Just a few items.  The only fight left before certification is the one over the absentee ballots which may have been wrongfully rejected.  As discussed earlier, the Minnesota Supreme Court issued an odd order mandating that both campaigns must agree on the ballots to be recounted.  There are 1,346 absentee ballots which local officials have determined were improperly rejected.  Franken wants all of them counted.  Coleman, well, I’m not clear on what Coleman wants exactly, except that he doesn’t want certain of the identified ballots opened, and he has introduced more ballots from districts which favor him.  It’s all explained, sort of, here.  Since it’s unlikely that the campaigns will reach any agreement, further court action seems inevitable even before the certification.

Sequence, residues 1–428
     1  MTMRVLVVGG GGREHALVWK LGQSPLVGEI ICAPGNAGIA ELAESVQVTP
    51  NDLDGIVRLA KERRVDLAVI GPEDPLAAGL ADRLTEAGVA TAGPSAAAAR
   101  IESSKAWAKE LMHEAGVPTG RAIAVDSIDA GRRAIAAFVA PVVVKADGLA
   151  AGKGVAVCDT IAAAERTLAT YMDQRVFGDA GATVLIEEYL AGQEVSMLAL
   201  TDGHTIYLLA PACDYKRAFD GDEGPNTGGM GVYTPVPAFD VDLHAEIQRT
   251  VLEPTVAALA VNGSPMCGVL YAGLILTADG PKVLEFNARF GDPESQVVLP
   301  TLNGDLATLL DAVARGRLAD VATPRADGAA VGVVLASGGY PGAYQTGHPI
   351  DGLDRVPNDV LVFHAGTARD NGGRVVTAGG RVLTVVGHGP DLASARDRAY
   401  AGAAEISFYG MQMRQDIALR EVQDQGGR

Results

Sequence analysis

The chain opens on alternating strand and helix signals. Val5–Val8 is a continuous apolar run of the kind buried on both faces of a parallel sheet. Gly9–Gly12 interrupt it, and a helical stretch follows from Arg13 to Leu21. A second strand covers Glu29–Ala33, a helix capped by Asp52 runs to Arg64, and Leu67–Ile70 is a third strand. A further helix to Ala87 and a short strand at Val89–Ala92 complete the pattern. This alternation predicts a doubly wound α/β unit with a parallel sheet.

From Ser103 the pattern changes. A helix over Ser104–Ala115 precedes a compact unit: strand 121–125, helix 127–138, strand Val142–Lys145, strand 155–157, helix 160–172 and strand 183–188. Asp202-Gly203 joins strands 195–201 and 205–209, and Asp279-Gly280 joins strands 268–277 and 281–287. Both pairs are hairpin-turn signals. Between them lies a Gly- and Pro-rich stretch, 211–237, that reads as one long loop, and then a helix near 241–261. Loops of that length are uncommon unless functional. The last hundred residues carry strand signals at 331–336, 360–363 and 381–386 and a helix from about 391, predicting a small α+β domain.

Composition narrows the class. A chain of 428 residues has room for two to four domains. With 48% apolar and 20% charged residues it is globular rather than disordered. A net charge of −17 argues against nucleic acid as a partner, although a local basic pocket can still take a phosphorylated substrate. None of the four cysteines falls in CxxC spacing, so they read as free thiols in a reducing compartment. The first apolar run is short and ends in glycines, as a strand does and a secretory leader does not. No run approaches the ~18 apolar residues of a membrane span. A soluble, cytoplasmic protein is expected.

An item of rich irony – among the absentee ballots Coleman opposes is one cast by an elections judge.  The basis is that the date next to her signature and the date next to her witness do not match.  She insists that they do and that she and her witness were well aware of the law when they signed the envelope.  The irony?  She says her vote was for Coleman.  Will he withdraw his challenge?  Probably not, as it would undermine the remainder of his challenges.

Coleman is now accusing election officials of bias.

The Republicans are threatening to fight the seating of Franken should he be certified the winner.  Not sure what they can do with at most 41 votes even if they have a legal basis.

Coleman’s hope is to keep close enough after the rejected absentee count in order to get a reversal on the court’s rejection of his duplicate vote argument and hope that makes the difference.  It’s a slim hope, but he’s pulling out the stops.